China white paper on biodiversity sets agenda for COP15
Stephen Ndegwa
The opening ceremony of the 15th meeting of the Conference of the Parties to the United Nations Convention on Biological Diversity (COP15) in Kunming, southwest China's Yunnan Province, Oct. 11, 2021. /Xinhua

The opening ceremony of the 15th meeting of the Conference of the Parties to the United Nations Convention on Biological Diversity (COP15) in Kunming, southwest China's Yunnan Province, Oct. 11, 2021. /Xinhua

Editor's note: Stephen Ndegwa is a Nairobi-based communication expert, lecturer-scholar at the United States International University-Africa, author and international affairs columnist. The article reflects the author's opinions and not necessarily the views of CGTN.

The emergence of "ecological civilization" as a major concept to guide humankind in its demanding environmental conservation efforts is not a new concept. Although it appears like the idea is new-fangled, it was first published in the "Scientific Communism, Moscow, Vol. 2" journal in 1984 in an article titled, "Ways of Training Individual Ecological Civilization under Mature Socialist Conditions."

In 1987, the concept was popularized by the late Chinese agricultural economist, Professor Ye Qianji, who anchored it in ecological sciences and environmental philosophy. As it gained currency in the country's environmental conversations from 2007, the Communist Party of China domiciled the achievement of ecological civilization in its Constitution and in the country's five-year plan in 2012.

From the traditional Chinese wisdom that the laws of nature govern all things and that man must seek harmony with nature, to the new development philosophy emphasizing innovative, coordinated, green and open development for all, China has always prioritized ecological progress and embedded it in every dimension and phase of its economic and social development.

Therefore, China was the first choice as the venue for the first round of the 15th meeting of the Conference of the Parties to the UN Convention on Biological Diversity (COP15) underway in the southwestern city of Kunming in Yunnan Province. Themed "Ecological Civilization: Building a Shared Future for All Life on Earth," this October 11 to 15. The international forum aims to review the "post-2020 global biodiversity framework" and draw a blueprint for biodiversity conservation.

The framework is a follow up Strategic Plan for Biodiversity 2011-2020 that calls for an all-encompassing strategy for the creation of synergy and harmony between man and nature. Analysts are of the view that half the meeting's work seems to have been done already, with the forum expected to gain tremendously from China's white paper on its biodiversity conservation launched on October 8.

The white paper offers the world a framework of avoiding further deterioration of the environment by enhancing biosecurity. Among other measures, it recommends the enhancement and increase of protected areas, national parks and other habitats for wildlife, the collection and preservation of rare and valuable biological germplasm resources, establishment of off-site protection systems, ecological protection and restoration projects.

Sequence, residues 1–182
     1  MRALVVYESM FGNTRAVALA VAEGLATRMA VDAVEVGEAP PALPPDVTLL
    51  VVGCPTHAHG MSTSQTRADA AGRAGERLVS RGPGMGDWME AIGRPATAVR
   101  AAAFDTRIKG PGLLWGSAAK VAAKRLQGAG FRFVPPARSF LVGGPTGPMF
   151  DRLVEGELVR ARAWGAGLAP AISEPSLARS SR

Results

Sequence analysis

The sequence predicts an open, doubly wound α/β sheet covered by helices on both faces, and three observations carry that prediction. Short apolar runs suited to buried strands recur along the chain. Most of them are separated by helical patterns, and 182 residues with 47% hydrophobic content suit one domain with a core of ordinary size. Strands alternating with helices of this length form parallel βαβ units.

While these actions are not new in environmentally conscious societies, they "provide a strategic vision and a global roadmap for the conservation, protection, restoration and sustainable management of biodiversity and ecosystems for the next decade." They call for global action as what happens in one country or region usually has a ripple effect on others.

Yunnan ethnic culture village in Kunming, August 15, 2019. /Xinhua

Yunnan ethnic culture village in Kunming, August 15, 2019. /Xinhua

The major biodiversity challenge that the world now needs to address is finding ways to live sustainably with nature since natural assets have to be exploited as a matter of necessity for human progress to occur. But at what point does mankind stop the greed and utilize only what is enough for the purpose?

Current studies have warned that the world's ecological footprint, which has been defined as the quantity of nature it takes to support people or an economy, could reach its limit in the next generation if no action is taken urgently to stem the damage. Over-exploitation of the world's resources is akin to leaving a scorched earth policy for progeny.

Speaking during a virtual conference on climate change in April, China's President Xi Jinping offered a few suggestions on biosecurity based on adherence to ecological civilization. Biodiversity affects the well-being of humanity and provides the basis for humans to survive and prosper.

While industrial development has created vast material wealth, it has also caused ecological crises as manifested in loss of biodiversity and environmental damage. A sound ecosystem is essential for prosperity. We need to respect nature, follow its laws and protect it. We need to find a way for man and nature to live in harmony, balance and coordinate economic development and ecological protection, and work together to build a prosperous, clean and beautiful world.

Ecological civilization also calls for upholding multilateralism and building synergy for global environmental governance. International instruments such as the Convention on Biological Diversity, the UN Framework Convention on Climate Change and the Paris Agreement form the legal foundation for environmental governance.

The rapid loss of biodiversity and the degradation of the ecosystem particularly since the start of the industrial age pose a major risk to human survival and development. The COVID-19 pandemic reminds us of the interdependence between man and nature. It behooves the global community to act in unison in order to turn the earth into a beautiful homeland for all living things regardless of their nature, size or perceived value.

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